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Another dark, poor quality shot taken with my Kodak Brownie camera in the early months of 1969 shows the West End drill placing a car at Hess's warehouse siding.  Hard to see, but brakeman LeRoy Hunsicker is tightening the brake wheel on that Frisco boxcar as it's being shoved into place while the rest of the train remains on the WEB main.  The snow-covered tracks at left led to the Trexler Lumber Co. shed and their adjoining lumber yard.  The partially-visible turnout points are thrown towards the shed's siding.  From my earliest memories of heading into my grandparents' house on Gordon St, I only ever once remember seeing a car ( a Milwaukee Road boxcar) sitting in the outside lumber yard at Trexler.  I don't know how many total cars they received hidden inside their shed during the 1960s, but the company's shipments by rail had considerably dwindled from the days previously pictured in the early 1900s shot.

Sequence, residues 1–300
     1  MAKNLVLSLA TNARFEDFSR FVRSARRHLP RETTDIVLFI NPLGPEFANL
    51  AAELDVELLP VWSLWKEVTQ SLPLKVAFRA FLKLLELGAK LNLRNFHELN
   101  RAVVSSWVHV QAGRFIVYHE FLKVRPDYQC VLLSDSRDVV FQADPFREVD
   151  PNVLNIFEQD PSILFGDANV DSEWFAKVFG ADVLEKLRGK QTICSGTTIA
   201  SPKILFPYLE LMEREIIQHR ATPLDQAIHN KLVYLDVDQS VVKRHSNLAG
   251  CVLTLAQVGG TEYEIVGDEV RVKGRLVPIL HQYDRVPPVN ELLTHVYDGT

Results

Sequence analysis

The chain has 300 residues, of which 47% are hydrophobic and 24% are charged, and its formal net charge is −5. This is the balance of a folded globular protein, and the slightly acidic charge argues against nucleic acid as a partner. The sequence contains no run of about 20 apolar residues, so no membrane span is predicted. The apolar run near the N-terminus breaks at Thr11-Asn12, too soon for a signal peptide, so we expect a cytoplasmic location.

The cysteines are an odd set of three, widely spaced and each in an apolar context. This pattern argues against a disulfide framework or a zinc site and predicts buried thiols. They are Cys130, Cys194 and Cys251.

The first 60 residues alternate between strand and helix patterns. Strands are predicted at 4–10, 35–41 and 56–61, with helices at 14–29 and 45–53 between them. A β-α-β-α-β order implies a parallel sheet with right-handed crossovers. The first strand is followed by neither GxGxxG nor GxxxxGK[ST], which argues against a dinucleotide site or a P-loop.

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A-townbranchfan
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« Reply #129 on: Nov 18th, 2010, 12:35pm »
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Another shot by my friend better shows the Hess Bros. warehouse siding and the track at left leading to Trexler's lumber yard.  Judging by the brownish color on those railheads, it's been years since a train ran on that siding.  You're looking south-east toward 16th & Gordon Sts.  That's the PP&L building visible above the yellow-ish lumber company building.

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A-townbranchfan
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« Reply #130 on: Nov 18th, 2010, 12:53pm »